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Bali Barat (Part Three) Posted by on May 7, 2018 in Uncategorized

Traveling around West Bali is a great adventure. You can hike to remote waterfalls, catch some waves in Medewi, take in the amazing Makepung races, go diving at Menjangan Island, and so much more. It’s been a pretty bagus trip so far – check out Part One and Part Two if you missed them – and it’s coming to an end today in Bali Barat (Part Three).

Moving on From Pemuteran

North Bali traffic jam.

Leaving Pemuteran, you’ve got a few options for your West Bali road trip. Actually, we’re technically in North Bali by this point, but it’s still the western half of the island. Driving up the main road, don’t be surprised if you hit a Balinese traffic jam in the form of a raucous funeral procession. Just pull over to the side of the road and take it all in. After all, funerals are more of a joyous than somber occasion in Bali.

Anda mau pergi ke gunung atau pantai?
Do you want to go to the mountains or the beach?

After coming this far, it would be silly to turn back around. Where you go next depends on if you want to be in the gunung (mountains) or near the pantai (beach). We’ll get to the different choices in a minute. Either way, you’ll definitely want to make at least one pit-stop along the way.

Banjar Hot Springs

Relax in the hot springs.

About an hour up the road from Pemuteran, you’ll find the Air Panas Banjar (Banjar Hot Springs). After several days on the bike in addition to hiking, surfing, and snorkeling/diving, your body will appreciate the chance to kick back and relax in the therapeutic waters.

Anda bisa bersantai di sini.
You can relax here.

Enjoying the hot springs.

There are even some pretty cool dragon spouts you can sit under, giving your head, shoulders and back a massage from the rushing hot water. If you get thirsty or hungry, there’s a restaurant and a few vendors here as well. Now we’ve come to a fork in the road. Here’s a look at your options for heading back south.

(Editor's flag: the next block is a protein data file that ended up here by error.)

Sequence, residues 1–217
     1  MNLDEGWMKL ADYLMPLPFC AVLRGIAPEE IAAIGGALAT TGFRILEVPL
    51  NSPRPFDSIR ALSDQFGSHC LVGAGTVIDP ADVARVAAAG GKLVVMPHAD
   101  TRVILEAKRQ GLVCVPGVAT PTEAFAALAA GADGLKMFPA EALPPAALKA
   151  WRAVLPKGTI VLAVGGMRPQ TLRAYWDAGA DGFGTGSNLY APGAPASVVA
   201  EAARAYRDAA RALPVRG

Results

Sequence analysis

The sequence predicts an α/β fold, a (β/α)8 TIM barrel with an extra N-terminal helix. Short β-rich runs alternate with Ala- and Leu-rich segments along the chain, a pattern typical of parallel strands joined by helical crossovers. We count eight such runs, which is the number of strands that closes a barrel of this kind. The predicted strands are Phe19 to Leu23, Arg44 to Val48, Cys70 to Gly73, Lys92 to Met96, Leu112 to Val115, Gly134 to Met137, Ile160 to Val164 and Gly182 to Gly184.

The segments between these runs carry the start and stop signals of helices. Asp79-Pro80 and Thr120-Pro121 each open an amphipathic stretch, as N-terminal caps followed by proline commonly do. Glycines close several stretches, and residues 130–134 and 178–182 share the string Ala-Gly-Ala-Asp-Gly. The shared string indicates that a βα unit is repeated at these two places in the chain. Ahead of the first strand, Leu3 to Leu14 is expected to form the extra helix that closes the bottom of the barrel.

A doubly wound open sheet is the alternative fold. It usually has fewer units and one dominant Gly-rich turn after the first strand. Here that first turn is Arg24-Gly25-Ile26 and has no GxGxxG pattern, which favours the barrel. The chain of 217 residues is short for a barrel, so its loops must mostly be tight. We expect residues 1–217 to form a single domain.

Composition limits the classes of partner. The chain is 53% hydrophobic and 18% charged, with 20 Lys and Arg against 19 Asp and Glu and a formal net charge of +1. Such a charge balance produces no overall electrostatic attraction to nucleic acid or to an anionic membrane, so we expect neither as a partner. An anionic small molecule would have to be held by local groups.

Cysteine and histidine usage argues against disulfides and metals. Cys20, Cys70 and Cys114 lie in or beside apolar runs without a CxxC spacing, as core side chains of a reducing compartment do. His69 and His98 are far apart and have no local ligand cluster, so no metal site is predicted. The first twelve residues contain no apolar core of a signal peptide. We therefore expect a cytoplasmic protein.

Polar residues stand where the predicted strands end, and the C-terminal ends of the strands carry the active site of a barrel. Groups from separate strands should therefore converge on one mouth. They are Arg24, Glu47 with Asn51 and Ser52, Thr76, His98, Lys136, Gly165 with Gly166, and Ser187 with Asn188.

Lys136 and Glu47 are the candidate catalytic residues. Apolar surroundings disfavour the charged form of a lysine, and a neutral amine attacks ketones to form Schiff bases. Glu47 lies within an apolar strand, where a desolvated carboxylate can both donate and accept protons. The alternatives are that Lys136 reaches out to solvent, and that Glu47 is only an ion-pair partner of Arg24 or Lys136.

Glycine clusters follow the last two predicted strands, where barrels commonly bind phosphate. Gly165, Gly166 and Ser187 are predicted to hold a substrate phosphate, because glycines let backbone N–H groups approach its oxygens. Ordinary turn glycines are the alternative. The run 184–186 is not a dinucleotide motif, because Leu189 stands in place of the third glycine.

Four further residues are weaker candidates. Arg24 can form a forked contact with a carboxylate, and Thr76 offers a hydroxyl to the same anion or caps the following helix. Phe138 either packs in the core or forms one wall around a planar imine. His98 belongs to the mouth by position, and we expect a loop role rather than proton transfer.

Lovina and Gitgit

Welcome to Lovina.

If you continue to head east along the main road, you’ll eventually hit the chilled out beach town of Lovina. It’s famous for the lumba-lumba (dolphins) that can be seen early in the mornings, and there’s even a statue of one on the main beach. Just about everyone in town can arrange early morning tours if you care to chase the dolphins around.

Anda dapat melihat lumba-lumba di pagi hari.
You can see the dolphins in the morning.

Other than seeing the dolphins, there isn’t really a whole lot to do here. If you’re looking for a super chilled out beach town to laze away a few days, though, this is a great spot.

Dinner and drinks in Lovina.

There are plenty of choices for accommodation, dining, shopping, and drinking here to keep you entertained. Lovina is small enough that you can just walk everywhere, and it’s not plagued with the awful noise and traffic of beach towns in the south of Bali.

Gitgit Waterfall

When you’re ready to head out, start making your way south. It’s a long way back, so you’ll probably want to stop a few times to stretch your legs or grab something to eat. One of your best choices is the massive Air Terjun Gitgit (Gitgit Waterfall). Park your bike and pay the small entrance fee before hiking down to see the rushing waterfall. There are also a few restaurants around here where you can grab lunch before jumping back on the bike.